Do carriers move across a p-n junction at 0 K?

In summary, the band diagram of a p-doped and n-doped semiconductor at 0 K shows that the surplus carriers are confined to their respective acceptor and donor levels. At this temperature, there are no free carriers in the system and recombination between electrons and holes should not occur. However, at higher temperatures, the acceptor and donor carriers would ionize and a depletion zone would form. It is unclear if a depletion zone would still form at 0 K, but it is important to consider the behavior as carrier kinetic energy approaches zero.
  • #1
Wrichik Basu
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Often a band diagram is used to explain what happens when two pieces of the same semiconductor, one p-doped, one n-doped, are put together. I am a little confused about it, so here is my question.

Initially and at ##0\mathrm{K}##, the surplus carriers should be confined to their respective acceptor and donor levels, e.g. the flatband diagram would look like follows:

HGBKU.png


Now, there are no free carriers in the system and thus, the electrons from the donor level should not be able to recombine with the holes from the acceptor levels due to spatial detachment.

Of course, provided some temperature, the acceptor and donor carriers would ionize and free carriers would be at disposal for recombination and thus, a depletion zone would form. But at ##0K## it seems to me that this should not happen. In reality, would a depletion zone be formed anyway somehow (are there other relevant physics taking action)?

Here, I'm considering the ideal case in which ##0K## exists. Let us not go into the discussion whether it practically exists or not.
 

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  • #2
At 0 K you can't have this electron distribution. Some donor electrons at the border have to fill some of the holes until there is an equilibrium.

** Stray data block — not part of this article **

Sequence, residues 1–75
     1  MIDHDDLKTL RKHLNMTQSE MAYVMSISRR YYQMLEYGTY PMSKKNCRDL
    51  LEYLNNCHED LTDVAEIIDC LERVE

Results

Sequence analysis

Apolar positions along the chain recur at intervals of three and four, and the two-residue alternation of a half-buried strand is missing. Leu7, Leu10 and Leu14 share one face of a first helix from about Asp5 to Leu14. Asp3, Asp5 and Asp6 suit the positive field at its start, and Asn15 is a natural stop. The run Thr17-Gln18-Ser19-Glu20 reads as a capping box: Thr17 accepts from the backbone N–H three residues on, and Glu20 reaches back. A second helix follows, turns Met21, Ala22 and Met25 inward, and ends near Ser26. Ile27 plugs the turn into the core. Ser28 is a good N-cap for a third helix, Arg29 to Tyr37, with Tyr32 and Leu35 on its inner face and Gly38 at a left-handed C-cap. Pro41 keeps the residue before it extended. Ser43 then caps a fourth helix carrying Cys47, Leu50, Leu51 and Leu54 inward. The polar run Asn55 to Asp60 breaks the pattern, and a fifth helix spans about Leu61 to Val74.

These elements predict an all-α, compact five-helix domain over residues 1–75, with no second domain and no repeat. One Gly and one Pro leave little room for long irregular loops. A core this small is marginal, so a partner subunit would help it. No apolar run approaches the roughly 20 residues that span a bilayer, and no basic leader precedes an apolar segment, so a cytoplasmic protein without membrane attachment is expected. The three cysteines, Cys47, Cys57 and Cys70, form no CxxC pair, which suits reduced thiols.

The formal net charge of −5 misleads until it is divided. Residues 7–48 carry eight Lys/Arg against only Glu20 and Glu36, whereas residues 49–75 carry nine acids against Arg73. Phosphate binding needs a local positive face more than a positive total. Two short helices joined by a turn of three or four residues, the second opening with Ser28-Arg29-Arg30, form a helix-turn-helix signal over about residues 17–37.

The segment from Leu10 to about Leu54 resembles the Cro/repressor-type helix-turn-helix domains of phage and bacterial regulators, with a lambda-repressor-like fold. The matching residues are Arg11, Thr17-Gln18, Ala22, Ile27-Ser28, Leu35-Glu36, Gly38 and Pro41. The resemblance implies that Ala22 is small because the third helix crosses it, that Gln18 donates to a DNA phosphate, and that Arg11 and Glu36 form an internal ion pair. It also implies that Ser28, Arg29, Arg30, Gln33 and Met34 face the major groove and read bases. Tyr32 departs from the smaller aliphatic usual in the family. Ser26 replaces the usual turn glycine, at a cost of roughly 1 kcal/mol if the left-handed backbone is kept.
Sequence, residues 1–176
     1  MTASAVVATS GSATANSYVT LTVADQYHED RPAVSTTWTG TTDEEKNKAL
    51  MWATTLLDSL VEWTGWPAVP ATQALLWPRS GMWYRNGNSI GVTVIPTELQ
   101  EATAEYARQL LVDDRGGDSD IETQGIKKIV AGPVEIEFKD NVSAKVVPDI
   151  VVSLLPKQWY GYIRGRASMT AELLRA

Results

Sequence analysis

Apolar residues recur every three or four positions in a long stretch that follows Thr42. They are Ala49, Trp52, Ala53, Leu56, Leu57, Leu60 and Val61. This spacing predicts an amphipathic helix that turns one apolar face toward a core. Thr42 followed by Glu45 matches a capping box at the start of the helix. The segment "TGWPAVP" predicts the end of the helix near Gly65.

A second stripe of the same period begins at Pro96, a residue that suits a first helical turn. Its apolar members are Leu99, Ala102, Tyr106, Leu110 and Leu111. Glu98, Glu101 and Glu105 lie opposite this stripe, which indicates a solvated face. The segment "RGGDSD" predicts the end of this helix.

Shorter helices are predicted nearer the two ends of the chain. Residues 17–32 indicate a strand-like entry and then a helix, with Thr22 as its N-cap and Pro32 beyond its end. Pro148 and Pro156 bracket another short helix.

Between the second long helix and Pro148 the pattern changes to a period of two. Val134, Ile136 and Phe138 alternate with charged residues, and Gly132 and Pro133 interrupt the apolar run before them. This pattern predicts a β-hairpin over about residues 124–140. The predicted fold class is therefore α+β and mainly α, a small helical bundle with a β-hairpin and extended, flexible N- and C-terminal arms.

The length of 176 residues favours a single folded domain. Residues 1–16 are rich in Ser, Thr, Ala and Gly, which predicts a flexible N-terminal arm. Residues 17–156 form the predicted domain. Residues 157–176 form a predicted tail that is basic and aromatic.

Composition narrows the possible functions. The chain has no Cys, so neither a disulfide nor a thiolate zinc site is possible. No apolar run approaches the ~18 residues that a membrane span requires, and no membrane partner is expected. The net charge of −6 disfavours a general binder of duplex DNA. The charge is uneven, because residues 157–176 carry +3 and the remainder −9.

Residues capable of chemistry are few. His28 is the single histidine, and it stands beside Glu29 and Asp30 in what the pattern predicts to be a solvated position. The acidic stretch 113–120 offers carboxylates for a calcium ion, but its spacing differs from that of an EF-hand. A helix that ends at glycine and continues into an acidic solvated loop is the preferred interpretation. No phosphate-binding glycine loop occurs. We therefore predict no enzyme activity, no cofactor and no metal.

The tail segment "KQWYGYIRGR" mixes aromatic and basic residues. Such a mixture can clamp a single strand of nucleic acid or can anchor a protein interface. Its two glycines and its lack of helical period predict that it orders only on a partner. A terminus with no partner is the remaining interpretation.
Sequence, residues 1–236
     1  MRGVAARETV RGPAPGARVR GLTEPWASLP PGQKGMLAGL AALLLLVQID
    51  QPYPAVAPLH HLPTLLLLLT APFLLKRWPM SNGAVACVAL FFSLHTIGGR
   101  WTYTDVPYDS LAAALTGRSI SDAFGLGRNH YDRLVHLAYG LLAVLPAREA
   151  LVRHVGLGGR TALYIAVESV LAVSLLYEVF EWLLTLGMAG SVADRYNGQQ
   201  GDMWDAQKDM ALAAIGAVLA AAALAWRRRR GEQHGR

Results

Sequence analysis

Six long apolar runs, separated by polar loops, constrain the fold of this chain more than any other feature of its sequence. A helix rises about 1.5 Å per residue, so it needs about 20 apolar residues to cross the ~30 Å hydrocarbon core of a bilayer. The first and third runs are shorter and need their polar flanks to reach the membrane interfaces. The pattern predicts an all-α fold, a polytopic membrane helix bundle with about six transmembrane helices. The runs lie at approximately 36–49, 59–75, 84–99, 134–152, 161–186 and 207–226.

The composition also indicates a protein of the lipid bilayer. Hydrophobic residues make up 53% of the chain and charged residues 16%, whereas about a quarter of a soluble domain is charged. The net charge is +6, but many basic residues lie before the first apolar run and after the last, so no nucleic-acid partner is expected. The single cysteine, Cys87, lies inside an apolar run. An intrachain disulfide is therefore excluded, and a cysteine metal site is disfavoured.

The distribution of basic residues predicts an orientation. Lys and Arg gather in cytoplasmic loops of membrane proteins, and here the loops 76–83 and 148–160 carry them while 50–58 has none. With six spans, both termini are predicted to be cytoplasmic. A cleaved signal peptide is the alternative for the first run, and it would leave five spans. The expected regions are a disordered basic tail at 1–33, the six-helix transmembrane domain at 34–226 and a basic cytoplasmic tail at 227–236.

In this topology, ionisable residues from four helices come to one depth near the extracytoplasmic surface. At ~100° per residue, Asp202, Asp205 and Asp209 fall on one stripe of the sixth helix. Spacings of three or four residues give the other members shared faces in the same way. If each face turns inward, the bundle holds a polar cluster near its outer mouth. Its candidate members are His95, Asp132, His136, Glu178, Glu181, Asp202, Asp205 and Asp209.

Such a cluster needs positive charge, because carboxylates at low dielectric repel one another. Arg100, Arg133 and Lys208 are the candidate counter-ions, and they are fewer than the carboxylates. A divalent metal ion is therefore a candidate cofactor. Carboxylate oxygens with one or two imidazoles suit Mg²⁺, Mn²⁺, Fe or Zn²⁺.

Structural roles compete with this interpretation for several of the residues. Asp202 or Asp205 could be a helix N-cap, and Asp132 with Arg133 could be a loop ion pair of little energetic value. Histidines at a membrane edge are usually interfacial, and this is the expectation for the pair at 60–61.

• #3
Ask instead how the behavior changes as the carrier kinetic energy approaches zero: what is the limiting case?
 

Related to Do carriers move across a p-n junction at 0 K?

1. How does the movement of carriers across a p-n junction change at 0 K?

The movement of carriers across a p-n junction is significantly affected by temperature. At 0 K, the carriers have very little thermal energy, which means they have a lower probability of overcoming the potential barrier at the junction. This results in a decrease in the movement of carriers across the junction.

2. Can carriers still move across a p-n junction at 0 K?

Yes, carriers can still move across a p-n junction at 0 K. However, their movement is significantly reduced compared to higher temperatures due to the decrease in thermal energy.

3. What is the role of the potential barrier in the movement of carriers across a p-n junction at 0 K?

The potential barrier at the p-n junction acts as a barrier for the movement of carriers. At 0 K, the carriers have very little thermal energy to overcome this barrier, which decreases their movement across the junction.

4. How does the movement of majority and minority carriers differ at 0 K?

At 0 K, majority carriers (electrons in n-type and holes in p-type) have a higher probability of crossing the potential barrier compared to minority carriers. This is because majority carriers have a higher concentration and therefore a higher chance of overcoming the barrier at 0 K.

5. Is the movement of carriers across a p-n junction at 0 K affected by the doping concentration?

Yes, the doping concentration does affect the movement of carriers across a p-n junction at 0 K. Higher doping concentrations result in a higher concentration of majority carriers, which increases their chances of crossing the potential barrier at 0 K. On the other hand, lower doping concentrations result in a lower concentration of carriers and therefore a decrease in their movement at 0 K.

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